It was once noted that “Casablanca” was perhaps the one movie to emerge from the studio system that accomplished everything that most studio films of the era tried to do: There’s a love story, intrigue, comedy and even a dash of torn-from-the-headlines current events. Seeing what “Casablanca” does perfectly with such seeming effortlessness throws its lesser contemporaries into sharp relief.
And while “Star Trek” is no “Casablanca,” it sets a new standard in various categories of its own: As a summer blockbuster, it delivers on pyrotechnics, fist-clenching excitement and three-dimensional characters. As a reboot of a popular franchise, it takes us back to square one in a way that feels both familiar and fresh. (As opposed to, say, the muddled “X-Men Origins: Wolverine.”) And as a remake of a TV show, it captures the essence of the original while allowing the big-screen version to expand in new and thrilling directions.
“Star Trek” is easily the summer tentpole movie by which all of 2009’s summer tentpole movies will be measured. And I say this as someone who’s not a fanatic about the original show or about the nerd-friendly work of director J.J. Abrams. (For what it’s worth, the hardcore “Trek” fanatic on one side of me and the person on the other side of me whose only exposure to the “Trek” movies was “the one with the whales” loved it just as much as I did.)
One of the smartest moves that Abrams and writers Roberto Orci and Alex Kurtzman (working from the original Gene Roddenberry blueprint) made was to place this new “Star Trek” both into the saga’s original continuity and outside of it at the same time. (Doing so involves black holes and chronological disparities that make perfect sense during the movie; just don’t ask me to explain them here.) This wormhole-loophole allows the creators to placate old-school Trekkers while simultaneously freeing themselves up to do what they want.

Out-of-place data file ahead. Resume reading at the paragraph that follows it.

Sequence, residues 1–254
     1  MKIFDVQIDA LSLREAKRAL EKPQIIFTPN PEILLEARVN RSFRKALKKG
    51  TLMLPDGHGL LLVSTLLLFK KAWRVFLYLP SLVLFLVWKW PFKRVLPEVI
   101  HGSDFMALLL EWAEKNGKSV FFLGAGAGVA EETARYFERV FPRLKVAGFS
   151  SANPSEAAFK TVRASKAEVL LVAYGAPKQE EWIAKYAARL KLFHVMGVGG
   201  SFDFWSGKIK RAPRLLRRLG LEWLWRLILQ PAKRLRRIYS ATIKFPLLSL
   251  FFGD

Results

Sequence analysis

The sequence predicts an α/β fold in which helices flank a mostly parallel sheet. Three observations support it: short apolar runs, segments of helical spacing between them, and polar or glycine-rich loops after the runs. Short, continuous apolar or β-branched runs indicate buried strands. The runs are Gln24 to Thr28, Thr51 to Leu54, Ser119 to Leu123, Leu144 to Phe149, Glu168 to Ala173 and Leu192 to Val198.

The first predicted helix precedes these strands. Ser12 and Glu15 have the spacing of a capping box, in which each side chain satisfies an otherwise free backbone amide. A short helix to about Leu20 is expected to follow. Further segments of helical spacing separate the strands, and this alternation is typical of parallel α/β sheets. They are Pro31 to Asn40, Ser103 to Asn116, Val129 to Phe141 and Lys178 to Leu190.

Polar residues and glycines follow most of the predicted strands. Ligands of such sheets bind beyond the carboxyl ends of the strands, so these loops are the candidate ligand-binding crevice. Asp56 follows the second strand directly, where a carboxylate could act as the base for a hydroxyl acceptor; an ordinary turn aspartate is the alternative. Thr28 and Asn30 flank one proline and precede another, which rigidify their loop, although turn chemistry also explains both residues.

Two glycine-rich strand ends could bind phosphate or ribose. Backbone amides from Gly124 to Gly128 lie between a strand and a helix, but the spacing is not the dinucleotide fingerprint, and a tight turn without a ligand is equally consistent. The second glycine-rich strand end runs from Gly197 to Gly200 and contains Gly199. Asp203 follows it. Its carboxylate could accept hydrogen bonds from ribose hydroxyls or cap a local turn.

And what they want winds up being exhilarating and intelligent from start to finish. We begin with Romulan madman Nero (Eric Bana) opening fire on the USS Kelvin and taking its captain hostage; assuming command is the first Captain Kirk, who sacrifices his life and his ship so that the Kelvin’s refugees — including his wife, who gives birth to young James Tiberius Kirk during her escape — may live.
Jump forward to troubled adolescent James (Chris Pine), who decides to attend Starfleet Academy after flirting with alien-languages major Uhura (Zoe Saldana) and getting an affectionate talking-to by Captain Christopher Pike (Bruce Greenwood), who studied the Kelvin incident and thinks the younger Kirk could do his father proud.
Meanwhile, on Vulcan, Spock (Zachary Quinto) turns down an opportunity to join the Vulcan Science Council when he realizes they will always judge him for his half-human heritage, choosing instead to join Starfleet. He and Kirk square off at first, but…
I’m shutting up about the plot now, because “Star Trek” (again, unlike “Wolverine”) is loaded with surprises even though the whole movie is about getting Kirk, Spock, Uhura, Bones (Karl Urban), Sulu (John Cho), Chekov (Anton Yelchin), Scotty (Simon Pegg) and the whole gang together again for the first time.
While “Star Trek” certainly represents a triumph for the franchise — these characters are rounded-out and complicated and fully-formed rather than just being charmingly wooden — it’s also a flat-out satisfying movie, even if you come to it with no “Trek” baggage. Whether it’s a breathtaking sequence involving parachutes and a sword-fighting Sulu or outer-space battles that accentuate the terrifying and silent void of the universe, the film balances amazing action with human interactions that are similarly engrossing.
When Pike goads Kirk with the line, “Your father was captain of a starship for 12 minutes. He saved 800 lives, including yours. I dare you to do better,” I could feel the hairs on my neck standing up in a way usually reserved for well-written, powerful dramas and not mass-market genre movies.
This new “Star Trek” made me unpack my adjectives: It’s exciting, moving, hilarious, action-packed, sexy (a romance pops up between two very unexpected characters) and suspenseful — in short, exactly what big, fun summer popcorn movies are supposed to be and yet so rarely are. I’ve never glued on pointy ears and attended a “Star Trek” convention in my life, but this is a “Trek” I could get geeky about.
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